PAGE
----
— What is striking with American cinema is the idea they have of what an auteur is. For me, there are only auteurs! All filmmakers are auteurs. But in the States there is a difference that is quite clear-cut between the auteurs and the rest of the directors. It’s quite curious, it is as if auteurs were another species. Several times during my last trip to L.A. people were referring to Elle as an auteur film. I can understand that there is another category for films that are perceived as more popular, maybe that is not the right word since an auteur movie can be popular as well… so you can’t categorize things too easily. In any case, they have a way of speaking about these things that is quite surprising. So it does reveal that cinema is not perceived the same way in the U.S. The principal definition of what cinema embodies, at least for me, is a means to express yourself individually, with freedom. For the American audience, the films that I have done in the U.S. are part of that auteur style. And they are exactly in the lineage of the movies that I do with French directors. David O. Russel, Michael Cimino, Hal Hartley, Curtis Hanson who just died. And also Otto Preminger. Americans often mention his movie Rosebud, while in France, since no one ever saw it, it is never brought up. But I am very happy to have Otto Preminger as well in my filmography, it is quite pleasant!
— Talking about that idea of auteur, I feel like in the U.S. what comes closest to the figure of the auteur, as New Wave directors conceived it, is the showrunner. Do you feel like the showrunners of TV series are the real auteurs in the States?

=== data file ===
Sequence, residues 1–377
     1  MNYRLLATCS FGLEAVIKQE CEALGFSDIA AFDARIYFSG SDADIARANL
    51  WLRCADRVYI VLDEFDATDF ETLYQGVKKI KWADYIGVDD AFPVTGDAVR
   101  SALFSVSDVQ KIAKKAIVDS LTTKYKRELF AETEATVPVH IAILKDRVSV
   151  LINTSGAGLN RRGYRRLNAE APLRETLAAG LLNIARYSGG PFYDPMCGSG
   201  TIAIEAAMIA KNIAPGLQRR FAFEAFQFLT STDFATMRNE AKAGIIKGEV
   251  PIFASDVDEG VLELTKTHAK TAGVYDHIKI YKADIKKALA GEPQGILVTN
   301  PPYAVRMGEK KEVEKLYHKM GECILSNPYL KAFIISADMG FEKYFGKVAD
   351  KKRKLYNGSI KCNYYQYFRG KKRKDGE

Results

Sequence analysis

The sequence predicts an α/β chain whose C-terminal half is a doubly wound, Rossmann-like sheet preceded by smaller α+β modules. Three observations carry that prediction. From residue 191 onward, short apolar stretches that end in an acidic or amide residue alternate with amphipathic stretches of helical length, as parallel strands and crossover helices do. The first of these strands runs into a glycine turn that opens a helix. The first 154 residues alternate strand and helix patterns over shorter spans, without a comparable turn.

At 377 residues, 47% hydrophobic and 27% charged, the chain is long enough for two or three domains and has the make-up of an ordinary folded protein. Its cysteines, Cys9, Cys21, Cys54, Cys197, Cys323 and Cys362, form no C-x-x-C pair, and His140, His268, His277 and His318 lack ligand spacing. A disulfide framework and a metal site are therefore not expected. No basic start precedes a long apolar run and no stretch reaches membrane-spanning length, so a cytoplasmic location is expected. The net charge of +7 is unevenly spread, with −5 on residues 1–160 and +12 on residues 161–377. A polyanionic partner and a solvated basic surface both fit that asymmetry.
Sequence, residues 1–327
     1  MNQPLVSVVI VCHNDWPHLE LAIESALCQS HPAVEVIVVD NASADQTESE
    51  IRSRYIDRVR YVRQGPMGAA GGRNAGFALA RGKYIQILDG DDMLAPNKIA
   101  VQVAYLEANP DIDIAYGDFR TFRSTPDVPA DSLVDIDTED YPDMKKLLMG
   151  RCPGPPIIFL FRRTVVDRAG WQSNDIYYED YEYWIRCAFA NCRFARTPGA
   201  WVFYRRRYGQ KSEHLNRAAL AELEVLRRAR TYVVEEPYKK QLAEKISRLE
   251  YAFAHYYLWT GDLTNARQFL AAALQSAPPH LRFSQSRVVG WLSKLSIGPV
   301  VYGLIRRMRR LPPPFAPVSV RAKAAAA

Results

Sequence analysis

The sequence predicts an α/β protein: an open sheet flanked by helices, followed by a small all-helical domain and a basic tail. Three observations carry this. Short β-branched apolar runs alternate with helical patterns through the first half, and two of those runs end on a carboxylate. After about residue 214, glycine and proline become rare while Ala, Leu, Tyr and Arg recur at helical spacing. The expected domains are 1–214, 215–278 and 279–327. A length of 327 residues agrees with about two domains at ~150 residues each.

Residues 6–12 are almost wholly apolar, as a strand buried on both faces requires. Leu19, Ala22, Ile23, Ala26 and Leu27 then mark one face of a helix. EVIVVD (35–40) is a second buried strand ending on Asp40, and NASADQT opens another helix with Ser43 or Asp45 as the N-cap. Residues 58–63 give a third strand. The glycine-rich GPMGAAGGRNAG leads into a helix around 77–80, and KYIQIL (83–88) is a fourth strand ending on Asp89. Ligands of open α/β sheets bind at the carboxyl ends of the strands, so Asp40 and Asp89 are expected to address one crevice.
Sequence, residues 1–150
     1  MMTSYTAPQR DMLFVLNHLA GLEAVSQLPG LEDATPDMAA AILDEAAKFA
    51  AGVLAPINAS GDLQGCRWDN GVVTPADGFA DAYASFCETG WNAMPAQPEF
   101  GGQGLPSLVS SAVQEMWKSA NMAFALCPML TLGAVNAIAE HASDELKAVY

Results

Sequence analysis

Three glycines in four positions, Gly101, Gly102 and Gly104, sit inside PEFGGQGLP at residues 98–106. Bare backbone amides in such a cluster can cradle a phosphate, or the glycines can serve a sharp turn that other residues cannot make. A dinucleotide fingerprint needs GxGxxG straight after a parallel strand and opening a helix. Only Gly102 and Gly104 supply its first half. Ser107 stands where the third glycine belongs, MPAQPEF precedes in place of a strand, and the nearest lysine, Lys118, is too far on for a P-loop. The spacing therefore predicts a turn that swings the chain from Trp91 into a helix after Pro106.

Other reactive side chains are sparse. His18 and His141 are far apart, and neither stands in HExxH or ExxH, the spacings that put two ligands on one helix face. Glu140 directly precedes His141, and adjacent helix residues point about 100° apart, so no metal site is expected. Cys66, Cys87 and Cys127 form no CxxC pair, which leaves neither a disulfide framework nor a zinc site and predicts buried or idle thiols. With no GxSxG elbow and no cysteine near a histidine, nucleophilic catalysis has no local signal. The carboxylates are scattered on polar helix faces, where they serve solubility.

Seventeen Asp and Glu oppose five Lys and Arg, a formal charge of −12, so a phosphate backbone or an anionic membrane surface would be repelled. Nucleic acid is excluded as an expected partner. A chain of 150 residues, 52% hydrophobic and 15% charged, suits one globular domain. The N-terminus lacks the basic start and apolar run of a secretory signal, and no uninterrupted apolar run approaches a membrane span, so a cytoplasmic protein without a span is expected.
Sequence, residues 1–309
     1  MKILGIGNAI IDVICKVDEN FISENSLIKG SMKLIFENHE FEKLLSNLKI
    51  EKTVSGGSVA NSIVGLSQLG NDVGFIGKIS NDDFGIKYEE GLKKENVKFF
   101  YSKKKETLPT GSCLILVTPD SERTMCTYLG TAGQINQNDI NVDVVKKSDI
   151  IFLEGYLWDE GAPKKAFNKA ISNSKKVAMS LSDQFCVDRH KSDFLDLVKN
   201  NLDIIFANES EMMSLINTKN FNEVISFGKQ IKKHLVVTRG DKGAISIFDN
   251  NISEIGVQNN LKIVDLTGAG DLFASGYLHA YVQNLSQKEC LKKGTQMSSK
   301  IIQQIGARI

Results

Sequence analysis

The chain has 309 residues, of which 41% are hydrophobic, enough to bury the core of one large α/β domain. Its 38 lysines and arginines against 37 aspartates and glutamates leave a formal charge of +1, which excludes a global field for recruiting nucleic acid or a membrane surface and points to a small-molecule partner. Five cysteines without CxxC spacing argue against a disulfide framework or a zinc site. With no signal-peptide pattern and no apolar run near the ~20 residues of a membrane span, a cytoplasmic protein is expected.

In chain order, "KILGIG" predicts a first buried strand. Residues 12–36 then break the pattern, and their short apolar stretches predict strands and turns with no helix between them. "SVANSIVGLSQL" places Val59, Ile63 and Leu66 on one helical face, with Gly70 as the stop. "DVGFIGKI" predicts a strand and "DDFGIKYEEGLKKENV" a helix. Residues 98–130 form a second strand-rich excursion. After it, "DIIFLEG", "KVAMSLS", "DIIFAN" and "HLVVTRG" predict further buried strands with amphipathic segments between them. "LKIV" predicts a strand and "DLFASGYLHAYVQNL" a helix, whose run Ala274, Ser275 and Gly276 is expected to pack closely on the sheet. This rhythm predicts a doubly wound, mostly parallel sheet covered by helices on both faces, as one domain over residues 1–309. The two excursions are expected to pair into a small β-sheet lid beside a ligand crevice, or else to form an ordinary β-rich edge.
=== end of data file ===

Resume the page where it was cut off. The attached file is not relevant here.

— I have never watched a TV series. It’s embarrassing but that’s the way it is. I just don’t have the time and I have no idea how to download things. So there is a technical aspect that is a barrier. I vaguely have a computer, but I hardly know how it works. I am very far from all that technology. I watched a couple of episodes from The Sopranos, and vaguely an episode of Downton Abbey. Both seemed great, but when I have time I just go to the movies.
— What about in airplanes?
— I also watch movies! Maybe one day I will be in an American series. You know, I actually did an episode of Law and Order: SVU, two or three years ago. I thought it was fun, they wrote the episode for me. And Sharon Stone was the guest star.
— Sharon Stone brings us back to Verhoeven and his depiction of women. Elle stirred a controversy in France within feminist groups. One side was denouncing the movie as a vindication of rape.
— No one has brought up the feminist questions during any Q and A or at any festival. I was left out of the debates it created among feminist circles. The film is of course not a vindication of rape (apologie du viol). In the beginning, she decides to trivialize what happened to her. And the film slowly unravels why she reacts this way. Her reaction is also linked to her sexuality. She says this great line that shame is certainly not an emotion that should prevent us from doing anything, so she is above the notion of shame. [spoiler] There is an initial tragedy since her father is a serial killer so we can imagine that she grew up with a different relationship to the notion of shame and guilt. That is the central point of her life and her reaction to her rape. The character decides not be a victim after it happens to her, which is surprising. Even when she tells her friends at the restaurant, she says: “I think I was raped.” It is something she completely removes herself from. The ending also gives a type of moral to the story, since the rapist dies. There is a sort of final punishment for the man. In no way is the film exonerating rape.
— The criticism was also that it was not a realist depiction of how women react after a rape.